Chester I. Barnard (1886-1961) brought about the concept of ‘informal organizations’, which is evident in all formal organizations, even at ‘JACGF’, which includes cliques and naturally occurring social groupings. His arguments were that organizations are not mere machines and informal relationships are powerful forces that can help the organization if properly managed. And the ‘acceptance theory of authority’, which states that people have ‘free will’, and can choose whether to follow management orders, Manager should treat employees properly, as their acceptance of authority may be critical to organization success in important situations (William B. Wolf, 1968 & David D. Van Fleet, 1982). These theories critically contradict Taylorism, where Taylor believed the workmen to follow orders without questioning, and the aspect of work relating to conception or ‘brain work’ is removed from the control of the worker and centered within the management structure, where as the above theories are based on a more ‘humanistic perspective’ on management. These were further developed by the Human Relations Movement, and studies such as Hawthorne Studies which concluded that money mattered a great deal, but productivity increased partly as a result of the increased ‘feelings of importance’ and ‘group pride’, employees felt by being selected for such an important project (F.J, Roethlisberger and W.J. Dickson, Management and the worker).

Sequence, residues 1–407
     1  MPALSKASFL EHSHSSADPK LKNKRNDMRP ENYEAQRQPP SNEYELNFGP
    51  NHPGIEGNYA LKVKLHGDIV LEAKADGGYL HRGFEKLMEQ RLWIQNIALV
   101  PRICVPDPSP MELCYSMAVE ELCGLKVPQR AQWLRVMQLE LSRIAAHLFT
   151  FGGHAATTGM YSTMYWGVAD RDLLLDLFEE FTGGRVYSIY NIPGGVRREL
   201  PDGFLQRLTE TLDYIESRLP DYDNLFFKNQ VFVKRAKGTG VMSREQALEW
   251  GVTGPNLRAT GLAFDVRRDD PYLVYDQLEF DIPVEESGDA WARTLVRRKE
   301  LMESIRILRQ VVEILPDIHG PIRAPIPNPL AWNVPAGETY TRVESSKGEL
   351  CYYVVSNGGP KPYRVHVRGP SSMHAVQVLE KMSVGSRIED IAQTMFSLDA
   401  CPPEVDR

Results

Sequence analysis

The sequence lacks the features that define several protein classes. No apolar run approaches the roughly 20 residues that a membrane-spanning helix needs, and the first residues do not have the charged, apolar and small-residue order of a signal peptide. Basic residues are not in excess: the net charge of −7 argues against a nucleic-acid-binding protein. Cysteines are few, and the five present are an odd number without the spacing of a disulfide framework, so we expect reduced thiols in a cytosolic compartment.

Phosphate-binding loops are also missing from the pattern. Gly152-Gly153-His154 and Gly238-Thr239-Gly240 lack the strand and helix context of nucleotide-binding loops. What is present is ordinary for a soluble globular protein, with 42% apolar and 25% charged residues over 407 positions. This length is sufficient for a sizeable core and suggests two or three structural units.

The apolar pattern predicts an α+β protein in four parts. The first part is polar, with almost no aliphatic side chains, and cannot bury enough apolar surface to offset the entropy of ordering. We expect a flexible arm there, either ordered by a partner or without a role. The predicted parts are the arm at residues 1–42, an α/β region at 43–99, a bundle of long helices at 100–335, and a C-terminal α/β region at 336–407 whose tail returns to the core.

Being associated with the food & beverage industry, JACGF’s approach also necessitates incorporating ‘Total Quality Management’, which focus on managing the total organization to deliver quality to customers in dealing with global competition. The approach infuses quality values to every activity of the company and the employees are intimately involved in the process, and incorporating the principles of ‘continuous improvement’. ‘Continuous improvement’, critically contradicts with the one-best-way of Taylorism, where the implementation of small, incremental improvements, in all areas of the organization is done on an ongoing basis.